In the early 1950s, when production at Blackbird began to ramp up, its operating company built an earthen dam on the west fork of Blackbird Creek, not far from where John Belliel staked his initial claim. Over the next several decades, 2 million tons of tailings were dumped behind the dam. During my visit to the site, we stopped on top of it to see the tailings impoundment, a 20-acre soil-covered pit. I asked where the creek was. “You’re looking at it,” Lusher said. He pointed to a narrow concrete channel that cut across the impoundment and led to a spillway on the side of the dam. Were the dam to fail, there would be nothing to stop the tailings from tumbling into the main branch of Blackbird Creek, potentially reaching the Salmon River.
The channel was designed to withstand a 500-year flood, Lusher told me as we walked alongside it. But 500-year floods are exactly the kind of extreme-weather events that climate change could cause to occur more frequently. And while federal regulators have determined that the dam is structurally sound, it’s not impermeable even under normal conditions. Water sometimes seeps into the tailings impoundment, where it collects iron sulfide, and then drains into Blackbird Creek. The water isn’t polluted enough to require action under the current regulations, but its effects on the creek are impossible to miss. “Instead of blue rocks, you now have orange rocks,” TenBrink said. I didn’t ask how long until the rocks would return to their natural color. The answer seemed obvious.
The first thing Bret Riggan does when he gets home from work every day is crack open a Keystone Light. A gruff man with a thick mustache and even thicker drawl, Riggan lives with his dog, a young mutt named Richard, in a Silver Streak trailer parked on the Cobalt town site.
Riggan has worked as an operator at the Blackbird water-treatment plant since 1996. Unlike Lengerich, he hates the long drive to and from Salmon, which is why he decided to live out here. On the afternoon I met him, he was nailing a NO TRESPASSING sign to a fence post next to the gated entrance of the town site. He invited me to his trailer and offered me a beer. “I’m the mayor, the sheriff,” he told me as we drank on his deck. “I’m everything.” He is Cobalt’s only resident, and he likes it that way.
Despite widespread expectation that Cobalt would be abandoned after the federal government stopped subsidizing Blackbird in the late 1950s, the town survived for several more decades. Riggan himself lived there in the late 1970s and early 1980s, when he was in his early 20s and worked for a company that was exploring new ore deposits at the mine. At the time, Riggan told me, more than 100 other mine workers lived in Cobalt. Many, including him, were single men who crammed into three bunkhouses at the edge of town. The others lived in small, single-story houses with their families. The town had a recreation center with a bowling alley and a basketball court, and a mile or so outside of town was a popular bar called the Panther Creek Inn. “I spent a lot of time up there,” Riggan said. “Shed a lot of blood there—mine.” He didn’t go into details.
Today, only two houses remain in Cobalt, not including Riggan’s trailer. The rest have either been demolished or hauled away. Some ended up in Salmon, where they became homes to new families. Riggan helped burn down many of the others in the late 1990s. About a decade ago, he helped tear down the Panther Creek Inn, which had become a watering hole for hunters after the miners left. “That hurt me,” he said. Aside from the two houses, one of which has all but caved in on itself, the only other original structure that still exists in Cobalt is a dilapidated tank once used to store drinking water. After we finished our beers, Riggan took me to see it. Perched on a forested hill above the town site, its rusted walls were graffitied with the names of former residents. Riggan read out the names he recognized while reminiscing about skinny-dipping in the tank. “It ain’t much,” he said. “But it’s about all that’s left.”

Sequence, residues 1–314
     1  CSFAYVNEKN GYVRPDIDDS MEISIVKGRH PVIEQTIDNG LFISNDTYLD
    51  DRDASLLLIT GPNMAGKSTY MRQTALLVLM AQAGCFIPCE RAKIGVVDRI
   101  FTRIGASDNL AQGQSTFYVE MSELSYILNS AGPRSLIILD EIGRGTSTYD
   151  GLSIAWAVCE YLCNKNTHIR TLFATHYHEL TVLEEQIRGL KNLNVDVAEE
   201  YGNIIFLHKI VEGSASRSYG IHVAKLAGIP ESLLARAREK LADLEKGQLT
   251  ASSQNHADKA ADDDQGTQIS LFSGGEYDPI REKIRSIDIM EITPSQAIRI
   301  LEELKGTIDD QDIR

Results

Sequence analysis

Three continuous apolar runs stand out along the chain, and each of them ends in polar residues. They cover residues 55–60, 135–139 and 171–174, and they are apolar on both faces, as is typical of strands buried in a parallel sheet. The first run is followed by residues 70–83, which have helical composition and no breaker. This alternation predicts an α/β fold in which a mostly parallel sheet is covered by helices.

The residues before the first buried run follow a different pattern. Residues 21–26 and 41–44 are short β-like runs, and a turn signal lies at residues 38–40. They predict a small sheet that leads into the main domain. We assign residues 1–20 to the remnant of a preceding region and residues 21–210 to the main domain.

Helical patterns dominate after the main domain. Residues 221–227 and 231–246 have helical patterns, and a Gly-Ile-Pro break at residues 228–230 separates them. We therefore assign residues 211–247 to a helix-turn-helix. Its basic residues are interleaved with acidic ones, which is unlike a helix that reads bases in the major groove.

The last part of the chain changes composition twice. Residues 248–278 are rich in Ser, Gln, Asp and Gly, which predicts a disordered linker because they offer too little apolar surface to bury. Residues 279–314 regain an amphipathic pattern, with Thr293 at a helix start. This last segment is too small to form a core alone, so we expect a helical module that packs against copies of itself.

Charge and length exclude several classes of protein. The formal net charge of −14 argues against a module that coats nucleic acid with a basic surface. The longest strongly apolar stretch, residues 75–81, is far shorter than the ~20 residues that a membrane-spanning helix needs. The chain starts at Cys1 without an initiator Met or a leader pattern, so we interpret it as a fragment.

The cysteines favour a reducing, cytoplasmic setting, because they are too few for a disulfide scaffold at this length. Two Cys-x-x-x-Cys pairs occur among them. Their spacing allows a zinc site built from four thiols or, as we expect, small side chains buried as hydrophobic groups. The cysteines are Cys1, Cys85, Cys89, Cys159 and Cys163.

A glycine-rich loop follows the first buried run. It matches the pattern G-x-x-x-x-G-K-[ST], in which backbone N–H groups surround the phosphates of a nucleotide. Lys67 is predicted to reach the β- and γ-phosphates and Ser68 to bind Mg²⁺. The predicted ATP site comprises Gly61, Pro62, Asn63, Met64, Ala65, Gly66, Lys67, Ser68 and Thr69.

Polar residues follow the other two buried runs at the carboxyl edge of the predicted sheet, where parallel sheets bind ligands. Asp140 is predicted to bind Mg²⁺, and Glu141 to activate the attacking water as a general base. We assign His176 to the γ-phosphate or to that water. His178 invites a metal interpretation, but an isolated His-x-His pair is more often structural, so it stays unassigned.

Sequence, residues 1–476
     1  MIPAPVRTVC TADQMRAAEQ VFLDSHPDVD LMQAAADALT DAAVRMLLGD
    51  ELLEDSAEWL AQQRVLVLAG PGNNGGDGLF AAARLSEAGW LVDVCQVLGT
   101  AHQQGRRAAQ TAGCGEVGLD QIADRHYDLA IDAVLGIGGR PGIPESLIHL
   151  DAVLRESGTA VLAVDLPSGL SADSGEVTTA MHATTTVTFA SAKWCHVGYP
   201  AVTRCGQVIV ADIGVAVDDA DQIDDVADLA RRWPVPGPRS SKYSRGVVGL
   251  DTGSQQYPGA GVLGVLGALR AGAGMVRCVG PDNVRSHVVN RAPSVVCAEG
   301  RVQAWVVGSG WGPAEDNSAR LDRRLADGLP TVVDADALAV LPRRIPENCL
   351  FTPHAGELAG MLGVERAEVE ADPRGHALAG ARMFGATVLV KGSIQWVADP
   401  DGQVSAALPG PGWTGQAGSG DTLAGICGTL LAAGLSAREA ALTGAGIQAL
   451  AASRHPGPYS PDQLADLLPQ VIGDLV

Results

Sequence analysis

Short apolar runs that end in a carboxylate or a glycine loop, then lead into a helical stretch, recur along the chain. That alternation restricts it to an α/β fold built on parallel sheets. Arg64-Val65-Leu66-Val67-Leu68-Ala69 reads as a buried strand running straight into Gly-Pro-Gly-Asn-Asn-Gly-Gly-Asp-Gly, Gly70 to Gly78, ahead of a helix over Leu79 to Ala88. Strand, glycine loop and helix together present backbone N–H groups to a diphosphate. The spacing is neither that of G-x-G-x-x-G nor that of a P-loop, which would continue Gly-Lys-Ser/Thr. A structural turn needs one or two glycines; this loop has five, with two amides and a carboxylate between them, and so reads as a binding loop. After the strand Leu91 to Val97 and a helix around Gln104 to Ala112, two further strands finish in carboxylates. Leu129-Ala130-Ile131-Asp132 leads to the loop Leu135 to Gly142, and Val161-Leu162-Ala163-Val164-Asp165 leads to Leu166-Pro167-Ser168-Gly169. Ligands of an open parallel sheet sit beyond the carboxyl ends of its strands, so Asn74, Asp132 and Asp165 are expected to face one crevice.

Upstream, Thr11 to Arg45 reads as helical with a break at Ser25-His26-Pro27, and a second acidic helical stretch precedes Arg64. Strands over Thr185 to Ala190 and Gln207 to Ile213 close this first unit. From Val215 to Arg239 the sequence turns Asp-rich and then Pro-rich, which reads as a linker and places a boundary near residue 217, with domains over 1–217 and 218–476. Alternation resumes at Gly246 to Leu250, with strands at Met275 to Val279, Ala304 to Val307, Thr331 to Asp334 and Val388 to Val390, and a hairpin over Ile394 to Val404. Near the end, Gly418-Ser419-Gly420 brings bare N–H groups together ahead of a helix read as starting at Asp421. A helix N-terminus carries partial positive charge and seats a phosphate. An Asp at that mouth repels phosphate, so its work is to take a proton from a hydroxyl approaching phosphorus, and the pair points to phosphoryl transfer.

It’s tempting to see Blackbird and Cobalt as cautionary tales—to conclude that mines will always create environmental disasters and that mining booms are always followed by devastating busts. And yet during the two weeks I spent in and around Salmon, many people I met expressed cautious optimism about the return of cobalt mining. Tammy Stringham, the executive director of the Lemhi County Economic Development Association, talked excitedly about how the industry could provide a boost to the local economy. She had heard that the Jervois mine alone would create as many as 150 jobs, though she was wary of getting her hopes up. It was hard to blame her. The Jervois mine had originally been scheduled to open in 2011 under a different owner, but volatility in the global cobalt market delayed construction for years.
Leo Marshall is the mayor of Salmon and, as it happens, a former resident of Cobalt. He lived there with his father, who worked at Blackbird, and his stepmother, for most of the 1950s. Having moved to Salmon in 1981and served as mayor since 2010, Marshall has experienced the cobalt boom-and-bust cycle firsthand. He hopes this time will be different, and he has good reason to think it will be. According to data from S&P Global Market Intelligence, cobalt prices were nearly 63 percent higher last year than they were in 2020, and electric vehicles are expected to account for nearly 70 percent of cobalt demand growth through 2025. On October 25, in a sign of the electric-vehicle market’s trajectory, Tesla’s market capitalization rose above $1 trillion for the first time.
One afternoon in Salmon, I visited a car dealership called Quality Motors, just down the road from the Jervois office. Parked out front were six F-150s and a Dodge Ram. When I asked the owner, Dave Hull, about electric vehicles, he told me that he didn’t expect to start selling them anytime soon. This didn’t surprise me. Many locals I met shared George Lusher’s doubts about their reliability, while others were simply resistant to change. And as far as I could tell, the only charging station in town was located on the side of my hotel, the Stagecoach Inn. Still, Hull didn’t doubt that electric vehicles would become commonplace in Salmon. “It’s just a matter of time,” he said. “We’re at least 10 years away, but it’s coming.” When we finished talking, I got back in my rental car, a Ford Fusion hybrid, and drove away.
This Atlantic Planet story was supported by the HHMI Department of Science Education.